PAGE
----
is a /kernel filesystem feasable?

is a /kernel filesystem feasable?

Post by Jared Robert » Fri, 28 Jul 1995 04:00:00



Okay, I admit I'm a total newbie to Linux and UNIX systems in general, but I
have been here long enough to hear that Linux may soon support of loading
kernel modules on the fly (at least, that's what it sounded like), but that it
might be difficult to manage as an end user.  Is it possible to create a
filesystem that would act like a module loader?  For instance if I compile a
module to allow me access to Macintosh filesystems, I could copy the binary to
/kernel/filesystems and have it instantly take effect, without rebooting?  Is
this even possible, or has this been done many times before?  
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is a /kernel filesystem feasable?

Post by Lex Spo » Fri, 28 Jul 1995 04:00:00


: Okay, I admit I'm a total newbie to Linux and UNIX systems in general, but I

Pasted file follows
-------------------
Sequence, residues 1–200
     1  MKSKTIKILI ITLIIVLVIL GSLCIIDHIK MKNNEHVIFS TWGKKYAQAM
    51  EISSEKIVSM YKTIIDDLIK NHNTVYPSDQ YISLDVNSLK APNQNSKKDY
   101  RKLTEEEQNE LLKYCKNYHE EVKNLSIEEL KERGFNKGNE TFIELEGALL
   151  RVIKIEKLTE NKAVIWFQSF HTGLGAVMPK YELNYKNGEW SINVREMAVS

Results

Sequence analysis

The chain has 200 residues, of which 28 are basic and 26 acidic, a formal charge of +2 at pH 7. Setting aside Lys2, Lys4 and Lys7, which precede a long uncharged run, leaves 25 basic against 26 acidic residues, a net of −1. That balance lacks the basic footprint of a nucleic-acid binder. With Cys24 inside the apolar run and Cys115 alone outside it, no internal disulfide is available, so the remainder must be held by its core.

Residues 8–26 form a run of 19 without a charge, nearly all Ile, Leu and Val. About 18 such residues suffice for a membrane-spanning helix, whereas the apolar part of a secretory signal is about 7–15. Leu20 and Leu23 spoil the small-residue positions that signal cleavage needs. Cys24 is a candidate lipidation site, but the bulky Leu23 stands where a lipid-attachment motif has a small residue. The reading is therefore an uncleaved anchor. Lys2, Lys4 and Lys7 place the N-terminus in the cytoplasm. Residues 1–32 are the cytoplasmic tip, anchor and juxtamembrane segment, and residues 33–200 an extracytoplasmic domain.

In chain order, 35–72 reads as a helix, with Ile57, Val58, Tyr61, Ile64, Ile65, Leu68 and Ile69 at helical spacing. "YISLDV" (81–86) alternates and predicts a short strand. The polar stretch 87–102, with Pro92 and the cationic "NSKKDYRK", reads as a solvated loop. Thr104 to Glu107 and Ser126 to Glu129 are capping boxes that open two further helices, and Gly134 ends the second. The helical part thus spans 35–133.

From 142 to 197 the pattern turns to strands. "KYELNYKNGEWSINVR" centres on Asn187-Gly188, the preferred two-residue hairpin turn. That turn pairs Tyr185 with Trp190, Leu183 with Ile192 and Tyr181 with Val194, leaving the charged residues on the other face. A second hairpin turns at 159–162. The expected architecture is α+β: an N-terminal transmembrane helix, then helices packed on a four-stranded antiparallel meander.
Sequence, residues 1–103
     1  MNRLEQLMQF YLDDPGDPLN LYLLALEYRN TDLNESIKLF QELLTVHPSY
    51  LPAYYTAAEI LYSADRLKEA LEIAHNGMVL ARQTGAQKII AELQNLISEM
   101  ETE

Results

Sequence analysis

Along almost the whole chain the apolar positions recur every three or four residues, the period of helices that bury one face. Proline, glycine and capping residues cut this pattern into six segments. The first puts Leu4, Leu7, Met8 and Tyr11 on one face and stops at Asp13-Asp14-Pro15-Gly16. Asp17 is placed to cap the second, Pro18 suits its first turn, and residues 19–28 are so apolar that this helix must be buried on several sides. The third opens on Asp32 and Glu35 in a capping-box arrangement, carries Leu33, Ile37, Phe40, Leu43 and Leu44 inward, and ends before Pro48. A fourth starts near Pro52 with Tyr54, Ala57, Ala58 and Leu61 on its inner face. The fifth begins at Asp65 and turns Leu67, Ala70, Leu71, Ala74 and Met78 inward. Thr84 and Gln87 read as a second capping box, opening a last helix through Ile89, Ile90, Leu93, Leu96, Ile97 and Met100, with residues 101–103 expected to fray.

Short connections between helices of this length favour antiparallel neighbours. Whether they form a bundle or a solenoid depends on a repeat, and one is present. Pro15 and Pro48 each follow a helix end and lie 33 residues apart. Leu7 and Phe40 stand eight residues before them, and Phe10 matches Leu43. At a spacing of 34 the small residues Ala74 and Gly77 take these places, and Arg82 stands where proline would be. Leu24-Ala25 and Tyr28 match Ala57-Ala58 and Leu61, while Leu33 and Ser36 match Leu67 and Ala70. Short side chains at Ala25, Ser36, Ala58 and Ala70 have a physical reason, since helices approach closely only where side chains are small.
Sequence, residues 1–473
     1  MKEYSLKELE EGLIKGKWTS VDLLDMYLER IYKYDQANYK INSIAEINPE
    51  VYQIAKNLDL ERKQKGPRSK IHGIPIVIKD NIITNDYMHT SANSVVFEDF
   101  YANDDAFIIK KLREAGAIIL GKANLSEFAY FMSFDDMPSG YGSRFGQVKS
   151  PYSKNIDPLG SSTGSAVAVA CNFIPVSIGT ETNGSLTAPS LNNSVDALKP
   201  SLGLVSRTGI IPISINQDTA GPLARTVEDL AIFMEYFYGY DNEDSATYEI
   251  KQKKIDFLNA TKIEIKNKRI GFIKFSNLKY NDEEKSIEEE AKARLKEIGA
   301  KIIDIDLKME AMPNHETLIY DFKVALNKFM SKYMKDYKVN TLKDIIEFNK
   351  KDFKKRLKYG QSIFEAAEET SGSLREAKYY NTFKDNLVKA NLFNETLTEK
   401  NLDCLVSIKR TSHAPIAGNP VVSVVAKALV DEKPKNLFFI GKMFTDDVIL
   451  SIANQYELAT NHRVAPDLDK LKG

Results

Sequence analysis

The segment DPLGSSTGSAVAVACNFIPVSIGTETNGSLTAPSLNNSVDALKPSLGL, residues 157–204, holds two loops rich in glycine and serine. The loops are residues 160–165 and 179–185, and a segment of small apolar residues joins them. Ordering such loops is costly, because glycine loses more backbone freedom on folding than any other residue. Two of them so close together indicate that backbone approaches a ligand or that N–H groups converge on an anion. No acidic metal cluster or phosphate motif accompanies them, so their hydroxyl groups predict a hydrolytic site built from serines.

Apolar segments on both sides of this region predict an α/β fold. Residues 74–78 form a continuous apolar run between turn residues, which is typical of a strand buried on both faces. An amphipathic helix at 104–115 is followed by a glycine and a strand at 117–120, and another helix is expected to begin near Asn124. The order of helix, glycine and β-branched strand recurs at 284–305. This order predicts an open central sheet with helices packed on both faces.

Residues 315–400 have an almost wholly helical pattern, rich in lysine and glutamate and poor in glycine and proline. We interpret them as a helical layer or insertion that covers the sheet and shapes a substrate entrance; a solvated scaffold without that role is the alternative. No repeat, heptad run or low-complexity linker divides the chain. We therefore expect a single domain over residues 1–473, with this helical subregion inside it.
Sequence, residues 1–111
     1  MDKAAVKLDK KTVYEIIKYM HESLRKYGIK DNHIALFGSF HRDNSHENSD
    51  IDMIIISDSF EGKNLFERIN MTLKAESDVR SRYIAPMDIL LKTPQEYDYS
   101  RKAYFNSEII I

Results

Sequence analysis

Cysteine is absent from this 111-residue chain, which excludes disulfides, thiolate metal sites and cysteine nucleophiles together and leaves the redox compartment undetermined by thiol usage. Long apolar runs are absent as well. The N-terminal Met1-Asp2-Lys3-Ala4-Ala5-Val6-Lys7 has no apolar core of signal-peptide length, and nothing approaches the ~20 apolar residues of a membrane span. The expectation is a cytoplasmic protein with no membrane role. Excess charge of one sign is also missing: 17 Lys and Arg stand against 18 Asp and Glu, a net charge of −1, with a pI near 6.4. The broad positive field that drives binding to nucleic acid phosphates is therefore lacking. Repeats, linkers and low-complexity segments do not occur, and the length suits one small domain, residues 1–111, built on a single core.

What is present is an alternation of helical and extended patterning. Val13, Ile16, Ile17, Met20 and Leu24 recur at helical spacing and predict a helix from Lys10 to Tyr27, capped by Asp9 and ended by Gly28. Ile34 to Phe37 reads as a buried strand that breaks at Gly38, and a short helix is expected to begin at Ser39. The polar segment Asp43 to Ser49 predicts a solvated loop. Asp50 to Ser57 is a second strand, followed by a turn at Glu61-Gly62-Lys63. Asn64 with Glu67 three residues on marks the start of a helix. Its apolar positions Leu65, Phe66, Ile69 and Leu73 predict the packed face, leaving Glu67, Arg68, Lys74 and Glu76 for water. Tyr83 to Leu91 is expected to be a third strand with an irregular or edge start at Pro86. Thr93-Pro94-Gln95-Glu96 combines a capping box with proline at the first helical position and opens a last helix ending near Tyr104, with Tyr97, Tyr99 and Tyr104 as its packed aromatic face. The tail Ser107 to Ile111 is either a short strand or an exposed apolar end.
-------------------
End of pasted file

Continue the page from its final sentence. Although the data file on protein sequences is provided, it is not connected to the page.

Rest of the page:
: have been here long enough to hear that Linux may soon support of loading
: kernel modules on the fly (at least, that's what it sounded like), but that it
: might be difficult to manage as an end user.  Is it possible to create a
: filesystem that would act like a module loader?  For instance if I compile a
: module to allow me access to Macintosh filesystems, I could copy the binary to
: /kernel/filesystems and have it instantly take effect, without rebooting?  Is
: this even possible, or has this been done many times before?  

The support is already there;  however, instead of copying the
binary to a certain place, you would type "insmod mymodule.o".
Check out the file "README.modules" in the kernel source :)

Lex

 
 
 

is a /kernel filesystem feasable?

Post by Michael Ashto » Mon, 31 Jul 1995 04:00:00




>: Okay, I admit I'm a total newbie to Linux and UNIX systems in general, but I
>: have been here long enough to hear that Linux may soon support of loading
>: kernel modules on the fly (at least, that's what it sounded like), but that it